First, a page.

The Best of Traditional Library Services

Yesterday afternoon, Special Collections Librarian and historian, Jim Schnur, and Elizabeth Southard, USFSP Anthropology Graduate, made a joint presentation entitled Early Footprints in the Sand: Pre-Columbian Settlements Along the Pinellas Peninsula & the Legacies of First Contact that discussed the Manasota, Weedon Island, and Safety Harbor cultures that lived along Florida’s west coast before the arrival of the first Europeans. The presentation, part of which can be viewed in the USFSP Digital Archive at http://dspace.nelson.usf.edu/xmlui/handle/10806/5933, was well attended by students, faculty and other members of the USFSP and wider community.

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Schnur provided an overview of important moments of human history for the region, noting that we must rely for much of what we know by studying pottery pieces and stone and shell tools that date from more than 500 years ago.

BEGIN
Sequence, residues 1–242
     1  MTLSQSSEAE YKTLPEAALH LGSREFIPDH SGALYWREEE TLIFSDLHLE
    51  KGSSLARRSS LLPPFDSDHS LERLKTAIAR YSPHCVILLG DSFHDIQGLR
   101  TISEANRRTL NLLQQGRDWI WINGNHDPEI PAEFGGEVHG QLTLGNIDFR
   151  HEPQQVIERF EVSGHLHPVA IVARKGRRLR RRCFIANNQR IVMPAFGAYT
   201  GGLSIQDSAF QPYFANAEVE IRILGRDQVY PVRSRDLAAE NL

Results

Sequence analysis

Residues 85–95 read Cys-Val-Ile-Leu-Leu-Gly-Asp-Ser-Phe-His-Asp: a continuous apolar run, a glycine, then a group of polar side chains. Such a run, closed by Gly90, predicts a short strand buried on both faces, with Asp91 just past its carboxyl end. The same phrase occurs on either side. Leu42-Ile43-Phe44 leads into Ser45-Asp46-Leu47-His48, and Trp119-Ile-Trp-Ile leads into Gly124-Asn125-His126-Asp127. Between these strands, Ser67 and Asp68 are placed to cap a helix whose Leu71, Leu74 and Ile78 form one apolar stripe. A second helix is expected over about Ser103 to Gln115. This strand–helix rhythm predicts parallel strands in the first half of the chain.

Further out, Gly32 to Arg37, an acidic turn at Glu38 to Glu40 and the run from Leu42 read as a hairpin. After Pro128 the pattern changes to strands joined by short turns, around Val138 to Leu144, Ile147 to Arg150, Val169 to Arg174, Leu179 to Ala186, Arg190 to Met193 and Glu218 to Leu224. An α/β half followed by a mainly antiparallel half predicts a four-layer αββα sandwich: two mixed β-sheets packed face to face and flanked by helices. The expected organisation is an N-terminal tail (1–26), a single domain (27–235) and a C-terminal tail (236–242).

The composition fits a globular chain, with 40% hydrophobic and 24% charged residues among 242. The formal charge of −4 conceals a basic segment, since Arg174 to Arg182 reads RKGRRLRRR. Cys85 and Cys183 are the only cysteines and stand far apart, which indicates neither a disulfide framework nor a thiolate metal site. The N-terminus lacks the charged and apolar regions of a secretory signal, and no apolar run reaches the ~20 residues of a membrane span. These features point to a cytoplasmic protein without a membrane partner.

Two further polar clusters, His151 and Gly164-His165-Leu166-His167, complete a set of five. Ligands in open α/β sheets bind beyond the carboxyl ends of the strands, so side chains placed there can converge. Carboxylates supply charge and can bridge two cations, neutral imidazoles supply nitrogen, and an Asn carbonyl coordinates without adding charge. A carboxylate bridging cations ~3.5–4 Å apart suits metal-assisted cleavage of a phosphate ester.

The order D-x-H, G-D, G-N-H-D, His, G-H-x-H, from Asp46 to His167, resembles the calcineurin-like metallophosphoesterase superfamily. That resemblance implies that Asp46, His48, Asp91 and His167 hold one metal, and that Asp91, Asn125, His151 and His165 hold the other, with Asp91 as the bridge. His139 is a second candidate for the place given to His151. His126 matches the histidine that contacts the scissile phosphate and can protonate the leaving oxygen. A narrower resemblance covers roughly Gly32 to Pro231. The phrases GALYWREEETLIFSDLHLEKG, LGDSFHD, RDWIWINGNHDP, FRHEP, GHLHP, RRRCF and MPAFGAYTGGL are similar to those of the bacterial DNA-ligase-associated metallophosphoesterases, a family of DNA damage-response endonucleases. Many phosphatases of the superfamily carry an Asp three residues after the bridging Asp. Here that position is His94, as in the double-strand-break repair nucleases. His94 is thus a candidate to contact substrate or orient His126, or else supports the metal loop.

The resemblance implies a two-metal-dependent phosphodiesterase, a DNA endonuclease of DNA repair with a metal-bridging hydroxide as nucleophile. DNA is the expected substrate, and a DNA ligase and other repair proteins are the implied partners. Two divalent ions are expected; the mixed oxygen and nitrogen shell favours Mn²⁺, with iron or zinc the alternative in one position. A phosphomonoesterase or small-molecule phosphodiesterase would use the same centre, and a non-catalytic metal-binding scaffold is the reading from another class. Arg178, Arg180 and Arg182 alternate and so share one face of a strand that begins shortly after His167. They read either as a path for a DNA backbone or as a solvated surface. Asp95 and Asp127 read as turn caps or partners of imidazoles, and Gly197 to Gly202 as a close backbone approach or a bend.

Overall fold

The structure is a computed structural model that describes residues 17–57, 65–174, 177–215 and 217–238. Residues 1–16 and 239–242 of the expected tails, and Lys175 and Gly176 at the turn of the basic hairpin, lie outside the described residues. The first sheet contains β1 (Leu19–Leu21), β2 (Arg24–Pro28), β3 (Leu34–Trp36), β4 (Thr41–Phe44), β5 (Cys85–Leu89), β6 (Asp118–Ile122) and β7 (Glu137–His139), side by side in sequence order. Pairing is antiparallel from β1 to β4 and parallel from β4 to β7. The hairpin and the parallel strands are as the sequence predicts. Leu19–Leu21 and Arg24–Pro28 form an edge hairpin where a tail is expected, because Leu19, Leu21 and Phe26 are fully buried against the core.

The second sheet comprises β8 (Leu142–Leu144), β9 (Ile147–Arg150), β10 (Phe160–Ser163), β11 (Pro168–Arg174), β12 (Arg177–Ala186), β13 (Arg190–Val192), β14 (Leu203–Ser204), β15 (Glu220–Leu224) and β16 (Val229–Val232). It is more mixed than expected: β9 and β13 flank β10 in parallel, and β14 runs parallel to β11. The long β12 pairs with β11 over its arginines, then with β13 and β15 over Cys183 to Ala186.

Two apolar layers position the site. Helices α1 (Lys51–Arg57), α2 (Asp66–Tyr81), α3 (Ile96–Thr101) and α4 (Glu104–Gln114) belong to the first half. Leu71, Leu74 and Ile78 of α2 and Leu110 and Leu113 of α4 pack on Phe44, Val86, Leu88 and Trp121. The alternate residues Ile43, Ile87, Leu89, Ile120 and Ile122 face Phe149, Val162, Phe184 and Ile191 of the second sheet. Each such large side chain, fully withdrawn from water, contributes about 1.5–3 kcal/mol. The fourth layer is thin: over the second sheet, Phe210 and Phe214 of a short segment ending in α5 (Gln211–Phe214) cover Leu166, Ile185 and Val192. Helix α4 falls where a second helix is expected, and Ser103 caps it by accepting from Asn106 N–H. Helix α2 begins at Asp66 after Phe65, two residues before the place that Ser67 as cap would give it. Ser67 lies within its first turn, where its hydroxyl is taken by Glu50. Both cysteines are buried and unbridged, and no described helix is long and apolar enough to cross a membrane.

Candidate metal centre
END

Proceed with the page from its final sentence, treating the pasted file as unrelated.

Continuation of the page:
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In the summer of 2011 the Library received a collection of nearly 800 such items donated by W.R. “Butch” Evans (described in the Digital Archive at: http://dspace.nelson.usf.edu/xmlui/handle/10806/4288)

Southard, a recent recipient of the Tampa Bay History Center’s Leland Hawes Prize for papers focusing on Florida history, worked with this collection of artifacts and also participated in field work both locally, at places such as Weedon Island, and in class trips to sites in Africa and elsewhere. Her presentation discussed some of the findings that came from examining the Butch Evans collection and recently collected artifacts.

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This joint presentation demonstrated the best of traditional academic library services – putting student and faculty scholars together with the resources they need for their research (regardless of the form those resources take) and helping them put them into a useful context. Even while libraries evolve to meet new needs, the need for such traditional services does not diminish.

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